The ARF-GEF ARNO and ARF6 regulate dendritic and axonal development in cultured rat hippocampal neurons
AdvisorWilson, Jean M.
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PublisherThe University of Arizona.
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AbstractThe unique morphology of nerve cells is a key feature of the complex organization of the nervous system. Neurite extension and branching are dynamic processes that take place throughout the life of a neuron. The development of dendritic and axonal processes requires the coordination of membrane-cytoskeletal rearrangements to ensure the establishment of proper neural connections. These events are thought to be largely regulated by signaling pathways involving the Rho-family of small guanine triphosphatases (GTPases). Another family of small GTP-binding proteins, the ARF (ADP-ribosylation factor) family, has been implicated in the regulation of membrane transport and actin filament reorganization in non-neuronal cells. However, it is unknown what role ARF family members play in the modulation of these events during neurite extension and branching. Therefore, we have analyzed the role of the ARF-guanine exchange factor (GEF) ARNO (ARF-nucleotide binding site opener) in dendritic arbor development and axonal elongation and branching by overexpressing wild-type and mutant forms of ARNO and ARF6 in cultured rat hippocampal neurons. The overexpression of catalytically inactive ARNO and dominant-negative ARF6 result in increased dendritic branching as well as enhanced axonal extension and branching. Expression of inactive ARNO caused a redistribution of a subset of endosomes to the axonal plasma membrane and displacement of the profilin-binding protein Mena from the growth cone plasma membrane. These results suggest that ARNO through ARF6 negatively regulates dendritic branching and axonal elongation and branching during neural development.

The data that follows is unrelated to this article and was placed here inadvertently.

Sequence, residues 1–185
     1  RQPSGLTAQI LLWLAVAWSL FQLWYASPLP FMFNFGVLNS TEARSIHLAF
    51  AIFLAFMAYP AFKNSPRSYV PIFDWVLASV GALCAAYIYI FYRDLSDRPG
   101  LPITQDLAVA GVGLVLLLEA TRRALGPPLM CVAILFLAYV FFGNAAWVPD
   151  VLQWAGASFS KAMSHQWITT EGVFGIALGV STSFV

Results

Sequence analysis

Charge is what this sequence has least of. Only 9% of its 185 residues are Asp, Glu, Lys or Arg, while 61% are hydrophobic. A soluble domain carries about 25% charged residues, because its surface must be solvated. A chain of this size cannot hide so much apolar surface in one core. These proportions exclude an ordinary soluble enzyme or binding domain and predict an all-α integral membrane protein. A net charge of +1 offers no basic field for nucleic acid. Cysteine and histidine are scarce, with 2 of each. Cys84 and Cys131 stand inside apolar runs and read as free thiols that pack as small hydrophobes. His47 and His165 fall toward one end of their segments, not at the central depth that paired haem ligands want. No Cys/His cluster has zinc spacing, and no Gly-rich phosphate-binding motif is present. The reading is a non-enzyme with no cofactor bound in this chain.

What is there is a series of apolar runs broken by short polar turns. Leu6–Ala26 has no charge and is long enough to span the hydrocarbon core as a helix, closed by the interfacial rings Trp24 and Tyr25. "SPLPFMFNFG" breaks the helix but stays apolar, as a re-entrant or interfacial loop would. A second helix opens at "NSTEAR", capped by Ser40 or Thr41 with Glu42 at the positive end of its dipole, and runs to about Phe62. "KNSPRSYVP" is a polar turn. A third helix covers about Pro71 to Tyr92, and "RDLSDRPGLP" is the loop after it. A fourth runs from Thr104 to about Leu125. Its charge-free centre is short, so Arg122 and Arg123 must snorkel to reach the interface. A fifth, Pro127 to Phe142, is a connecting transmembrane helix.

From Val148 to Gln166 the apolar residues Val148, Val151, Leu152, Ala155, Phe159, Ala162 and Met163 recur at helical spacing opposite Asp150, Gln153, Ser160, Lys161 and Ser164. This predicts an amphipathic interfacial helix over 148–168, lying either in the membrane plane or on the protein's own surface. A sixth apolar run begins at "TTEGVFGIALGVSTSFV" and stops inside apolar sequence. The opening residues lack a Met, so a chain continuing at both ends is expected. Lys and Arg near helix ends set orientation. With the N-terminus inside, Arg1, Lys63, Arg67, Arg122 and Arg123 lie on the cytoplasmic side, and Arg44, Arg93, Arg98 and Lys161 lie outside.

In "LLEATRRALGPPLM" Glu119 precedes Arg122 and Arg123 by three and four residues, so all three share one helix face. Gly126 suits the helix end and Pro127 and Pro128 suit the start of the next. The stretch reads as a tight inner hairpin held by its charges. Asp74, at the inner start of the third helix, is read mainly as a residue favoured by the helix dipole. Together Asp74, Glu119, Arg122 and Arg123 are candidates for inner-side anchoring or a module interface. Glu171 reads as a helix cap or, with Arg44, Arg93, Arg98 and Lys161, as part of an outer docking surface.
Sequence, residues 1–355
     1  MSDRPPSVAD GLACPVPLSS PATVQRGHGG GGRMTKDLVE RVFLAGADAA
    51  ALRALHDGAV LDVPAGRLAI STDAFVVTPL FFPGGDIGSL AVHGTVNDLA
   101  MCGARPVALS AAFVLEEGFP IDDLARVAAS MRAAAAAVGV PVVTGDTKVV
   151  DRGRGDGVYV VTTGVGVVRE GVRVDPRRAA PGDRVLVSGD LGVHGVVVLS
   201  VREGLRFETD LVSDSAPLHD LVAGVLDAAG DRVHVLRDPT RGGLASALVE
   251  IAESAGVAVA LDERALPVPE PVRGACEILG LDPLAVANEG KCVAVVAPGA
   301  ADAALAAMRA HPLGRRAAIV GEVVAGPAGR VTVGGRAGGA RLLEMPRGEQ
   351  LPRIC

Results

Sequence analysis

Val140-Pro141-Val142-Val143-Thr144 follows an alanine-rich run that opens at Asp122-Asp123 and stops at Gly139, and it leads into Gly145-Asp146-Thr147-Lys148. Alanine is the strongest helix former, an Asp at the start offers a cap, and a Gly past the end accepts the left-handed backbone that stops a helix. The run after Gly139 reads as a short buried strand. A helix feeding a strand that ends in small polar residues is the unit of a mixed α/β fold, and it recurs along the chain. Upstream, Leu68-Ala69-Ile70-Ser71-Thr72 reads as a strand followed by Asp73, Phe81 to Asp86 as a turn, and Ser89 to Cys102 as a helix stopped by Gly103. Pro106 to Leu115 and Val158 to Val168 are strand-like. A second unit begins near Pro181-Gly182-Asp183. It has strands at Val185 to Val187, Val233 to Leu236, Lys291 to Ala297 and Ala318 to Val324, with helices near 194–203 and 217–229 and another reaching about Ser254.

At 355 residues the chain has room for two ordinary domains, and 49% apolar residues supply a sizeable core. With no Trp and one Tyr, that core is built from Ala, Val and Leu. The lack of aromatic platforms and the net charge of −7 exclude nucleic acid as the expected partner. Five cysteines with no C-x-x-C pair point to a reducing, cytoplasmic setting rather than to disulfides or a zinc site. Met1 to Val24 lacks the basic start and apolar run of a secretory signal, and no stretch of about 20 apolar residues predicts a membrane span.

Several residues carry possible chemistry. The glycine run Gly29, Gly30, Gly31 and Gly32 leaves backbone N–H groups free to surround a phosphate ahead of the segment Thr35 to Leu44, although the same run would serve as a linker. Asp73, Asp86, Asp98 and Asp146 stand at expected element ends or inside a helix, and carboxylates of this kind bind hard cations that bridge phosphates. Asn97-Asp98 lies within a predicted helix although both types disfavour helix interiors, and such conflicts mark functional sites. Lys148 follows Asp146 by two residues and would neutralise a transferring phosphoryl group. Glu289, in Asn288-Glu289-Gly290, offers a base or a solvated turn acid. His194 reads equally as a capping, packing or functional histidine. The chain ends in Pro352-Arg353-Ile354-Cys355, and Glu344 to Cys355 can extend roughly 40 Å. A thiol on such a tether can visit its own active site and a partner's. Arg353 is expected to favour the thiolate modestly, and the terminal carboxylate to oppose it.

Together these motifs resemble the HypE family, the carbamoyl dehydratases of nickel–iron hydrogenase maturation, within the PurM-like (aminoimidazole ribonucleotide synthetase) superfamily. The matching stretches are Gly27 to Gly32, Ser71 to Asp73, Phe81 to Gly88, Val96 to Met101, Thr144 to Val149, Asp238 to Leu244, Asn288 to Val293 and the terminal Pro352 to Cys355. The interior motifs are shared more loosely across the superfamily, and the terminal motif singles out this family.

Degree ProgramGraduate College
Cell Biology and Anatomy